Today Programme Wednesday
BBC Radio 4 12 August 2009
News Bulletin 7.30 am
The weather. Erm – expecting rain across central areas and showers in the North. So perhaps not quite as good as yesterday.
You’re listening to Today on BBC Radio 4 with Evan Davies and James Naughtie. It’s just after half past seven; Neil Sleat has a news summary.
The latest unemployment figures will be released this morning, and they’re expected to show another rise. The total for the three months to June is likely to reach a 15-year high of around two and a half million. There will also be an indication of the prospects for the economy, when the Bank of England publishes its quarterly inflation report.
The Audit Commission is warning councils in England that they must prepare for a second phase of the recession. It says that pressures on family life will lead to an increase in domestic violence, alcoholism and mental health problems, putting extra strain on councils.
The Financial Services Authority is to publish its new code on bankers’ pay. Writing in the Financial Times, the FSA’s chief executive, Hector Sants, warns that an over-prescriptive code in the UK would lead to a brain drain if it’s not matched by similar rules in other countries.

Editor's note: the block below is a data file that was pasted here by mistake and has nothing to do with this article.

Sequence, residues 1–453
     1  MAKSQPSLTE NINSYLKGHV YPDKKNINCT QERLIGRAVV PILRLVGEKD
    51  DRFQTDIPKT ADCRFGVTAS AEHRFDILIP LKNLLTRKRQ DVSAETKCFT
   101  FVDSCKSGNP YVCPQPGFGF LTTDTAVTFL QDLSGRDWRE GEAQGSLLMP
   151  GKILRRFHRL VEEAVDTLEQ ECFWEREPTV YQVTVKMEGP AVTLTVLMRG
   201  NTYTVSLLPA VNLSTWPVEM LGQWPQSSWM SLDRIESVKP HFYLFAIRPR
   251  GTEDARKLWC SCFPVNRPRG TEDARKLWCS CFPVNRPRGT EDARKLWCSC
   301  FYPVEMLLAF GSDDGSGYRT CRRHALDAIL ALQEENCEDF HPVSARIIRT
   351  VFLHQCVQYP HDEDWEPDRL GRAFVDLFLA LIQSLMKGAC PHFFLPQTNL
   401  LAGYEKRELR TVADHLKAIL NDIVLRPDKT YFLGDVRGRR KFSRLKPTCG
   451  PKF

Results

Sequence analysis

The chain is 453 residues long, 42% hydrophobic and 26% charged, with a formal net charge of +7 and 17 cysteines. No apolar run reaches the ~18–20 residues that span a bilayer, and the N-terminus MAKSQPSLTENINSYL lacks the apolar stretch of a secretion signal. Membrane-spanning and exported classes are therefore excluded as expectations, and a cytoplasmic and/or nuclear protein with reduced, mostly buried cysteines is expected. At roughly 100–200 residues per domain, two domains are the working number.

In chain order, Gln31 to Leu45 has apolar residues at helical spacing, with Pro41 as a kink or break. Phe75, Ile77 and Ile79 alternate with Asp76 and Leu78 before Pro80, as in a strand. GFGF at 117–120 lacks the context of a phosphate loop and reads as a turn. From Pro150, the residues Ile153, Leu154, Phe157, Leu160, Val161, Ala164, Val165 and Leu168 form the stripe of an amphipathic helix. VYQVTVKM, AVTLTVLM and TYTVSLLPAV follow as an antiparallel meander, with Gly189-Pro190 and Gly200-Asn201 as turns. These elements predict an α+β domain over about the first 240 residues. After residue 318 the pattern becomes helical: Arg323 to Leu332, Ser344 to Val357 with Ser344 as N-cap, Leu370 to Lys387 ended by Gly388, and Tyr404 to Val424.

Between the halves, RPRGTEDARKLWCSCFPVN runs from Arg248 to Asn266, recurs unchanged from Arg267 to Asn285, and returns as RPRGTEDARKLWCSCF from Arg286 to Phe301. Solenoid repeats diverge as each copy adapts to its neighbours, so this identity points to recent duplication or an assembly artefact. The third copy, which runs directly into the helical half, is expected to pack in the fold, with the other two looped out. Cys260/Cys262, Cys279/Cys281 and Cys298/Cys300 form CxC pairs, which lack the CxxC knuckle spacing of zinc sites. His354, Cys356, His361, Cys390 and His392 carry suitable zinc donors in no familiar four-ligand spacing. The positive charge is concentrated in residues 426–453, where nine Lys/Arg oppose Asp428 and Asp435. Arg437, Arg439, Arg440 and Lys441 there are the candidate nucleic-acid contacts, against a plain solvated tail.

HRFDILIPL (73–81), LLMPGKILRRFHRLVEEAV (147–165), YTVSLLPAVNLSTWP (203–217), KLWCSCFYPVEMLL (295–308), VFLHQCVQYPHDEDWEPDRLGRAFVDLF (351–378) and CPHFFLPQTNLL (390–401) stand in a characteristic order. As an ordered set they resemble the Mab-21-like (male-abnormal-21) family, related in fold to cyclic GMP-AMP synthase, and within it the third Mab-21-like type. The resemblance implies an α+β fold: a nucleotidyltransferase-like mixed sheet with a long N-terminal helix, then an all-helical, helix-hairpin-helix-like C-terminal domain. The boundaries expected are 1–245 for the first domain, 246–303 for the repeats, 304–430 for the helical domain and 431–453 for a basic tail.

An international search is continuing for a Maltese-registered cargo ship that hasn’t been heard from since communicating with Dover coastguards on July 28th. There are fears that the Arctic Sea could have been under the control of pirates when it sailed through the English Channel.
Taiwan’s military is deploying 25 helicopters to rescue hundreds of people stranded after mudslides caused by Typhoon Morakot. People from several villages are said to have made it to higher ground before mud and rock engulfed their homes. Hundreds of others are missing.
President Obama has been defending his controversial healthcare reforms at a town hall meeting in New Hampshire. He denied rumours that he was intending to set up panels of officials who would decide if it was too expensive to keep elderly patients alive. Mr Obama accused his opponents of “wild misrepresentation” of his plans.
Police in Brazil have accused a TV presenter of ordering murders to boost ratings for his crime show. They say Wallace Souza commissioned the killing of his drug-trafficking rivals, then sent camera crews to the scene. His lawyers say Mr Souza, who is also a state legislator, is the victim of a political smear campaign.